Three years ago, director Gareth Evans’ second film, The Raid arrived in Aussie cinemas with a bang. It’s the first Indonesian film I can remember ever getting a wide release here (and in North America, where it was first retitled The Raid: Redemption and given a soundtrack workover), and it won a great deal of attention from critics and dyed-in-the-wool action cinema fans. Evans had managed to craft a taut, focused genre film fusing well-trodden Hollywood tropes with the harder action sequences reminiscent of Hong Kong action cinema at its best, all on a shoestring budget and with some truly inventive set pieces.
His lead actor, Iko Uwais (also in their debut feature, 2009’s Merantau) showed considerable promise as a newly-minted action star, and the film made extensive use of Indonesian martial art pencak silat, something many viewers would never have seen on screen before.
In interviews after The Raid’s international release, Evans made it clear that he was planning to go back and make the much more ambitious movie he had originally intended to film: Berandal, which over time has morphed into the sequel we have in cinemas right now. This time around he has a much larger budget to play with, some international recognition and distribution, and all the experience garnered from his first couple of pictures. To say that we here at HC have been anticipating this film’s release is quite an understatement.
Taking place right after the events of The Raid — rookie cop Rama (Iko Uwais) still has a hunted expression and a full complement of cuts and bruises — The Raid 2 opens up the universe of the first film, taking us from that one claustrophobic tenement building into the larger city beyond. In this Jakarta, official corruption is rife and gangsters battle for control of the city’s less wholesome businesses. Rama, as the only survivor of his squad and a relative nobody, is a plum recruit as an underground mole for Bunawar (Cok Simbara), the head of an anti-corruption squad who wants to use him to unmask a group of corrupt politicians who have greased the wheels for the city’s mobsters.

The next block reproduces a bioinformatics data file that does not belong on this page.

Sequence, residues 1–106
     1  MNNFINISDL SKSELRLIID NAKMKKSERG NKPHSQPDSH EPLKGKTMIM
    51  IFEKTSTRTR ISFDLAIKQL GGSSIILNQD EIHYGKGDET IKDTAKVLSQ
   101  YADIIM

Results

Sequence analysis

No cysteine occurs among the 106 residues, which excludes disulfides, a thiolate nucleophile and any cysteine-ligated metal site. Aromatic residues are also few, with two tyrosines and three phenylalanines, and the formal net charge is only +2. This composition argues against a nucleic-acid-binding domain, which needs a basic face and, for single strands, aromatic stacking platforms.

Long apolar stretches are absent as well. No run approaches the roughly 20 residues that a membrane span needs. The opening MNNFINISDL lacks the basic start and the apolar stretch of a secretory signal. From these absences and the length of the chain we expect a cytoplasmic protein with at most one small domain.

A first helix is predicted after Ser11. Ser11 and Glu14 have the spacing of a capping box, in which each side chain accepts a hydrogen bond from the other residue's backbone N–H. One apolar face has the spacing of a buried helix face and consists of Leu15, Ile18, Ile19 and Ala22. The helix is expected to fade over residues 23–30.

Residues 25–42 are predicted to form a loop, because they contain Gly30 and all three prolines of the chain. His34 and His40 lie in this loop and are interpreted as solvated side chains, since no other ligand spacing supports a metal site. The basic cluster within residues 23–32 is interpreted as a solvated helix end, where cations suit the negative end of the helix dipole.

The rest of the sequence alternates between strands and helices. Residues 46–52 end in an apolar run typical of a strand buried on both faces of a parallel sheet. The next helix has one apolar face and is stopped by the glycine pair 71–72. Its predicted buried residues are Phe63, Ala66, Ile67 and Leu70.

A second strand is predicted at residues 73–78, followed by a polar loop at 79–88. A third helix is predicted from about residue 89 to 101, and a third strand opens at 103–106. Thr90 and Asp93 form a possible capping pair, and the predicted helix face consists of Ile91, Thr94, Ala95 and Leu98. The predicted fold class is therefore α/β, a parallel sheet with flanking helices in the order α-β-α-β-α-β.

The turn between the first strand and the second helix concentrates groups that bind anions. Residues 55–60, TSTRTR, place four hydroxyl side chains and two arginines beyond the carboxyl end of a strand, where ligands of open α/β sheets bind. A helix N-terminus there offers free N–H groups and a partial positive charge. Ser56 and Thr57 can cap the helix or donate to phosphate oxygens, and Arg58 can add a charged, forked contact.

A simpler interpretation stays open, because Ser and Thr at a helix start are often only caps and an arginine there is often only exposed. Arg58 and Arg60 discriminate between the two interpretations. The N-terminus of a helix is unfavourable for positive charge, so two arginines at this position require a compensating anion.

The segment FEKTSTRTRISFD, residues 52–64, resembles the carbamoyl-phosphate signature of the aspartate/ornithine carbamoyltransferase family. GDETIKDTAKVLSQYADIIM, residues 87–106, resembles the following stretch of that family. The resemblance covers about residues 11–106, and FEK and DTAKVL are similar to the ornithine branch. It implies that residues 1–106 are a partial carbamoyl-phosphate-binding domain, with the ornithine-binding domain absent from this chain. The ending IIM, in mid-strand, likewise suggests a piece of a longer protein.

The city has been divided between two gangs for more than a decade. One is a local operation run by patrician boss Bangun (Tio Pakusadewo), whose plush offices belie the ruthlessness with which he runs his territory, while the other is the Goto crime family from Japan, run by shrewdly calculating elder Goto (Kenichi Endō). Each boss has a son, firebrand Uco (Arifin Putra) and cunning Keiichi (Ryuhei Matsuda) respectively, and it’s Uco that Rama is ordered to get close to in order to infiltrate the crime families and gather his evidence.
The only trouble is, Uco’s in prison. And prison, in The Raid 2′s Jakarta, doesn’t look like an easy place to survive. And even if he can, the careful balance of power between the two big crime families is about to be disturbed, courtesy of ambitious gangster Bejo (Alex Abbad) and his unusual crew of hoodlums.
The first film had a simple, linear storyline, reminiscent of the setup for many a video game: Rama had to fight his way up through the building, taking on a serious of ever more dangerous opponents, until the final boss at the end. Though it’s no less an action film, The Raid 2 has a more complex script, with a bit more flesh on the characters. In particular, the web of intrigue and various conflicts of personality between the various gangsters plays out like it would in a Takeshi Kitano film (see Outrage, for example) or in a Hong Kong triad flick.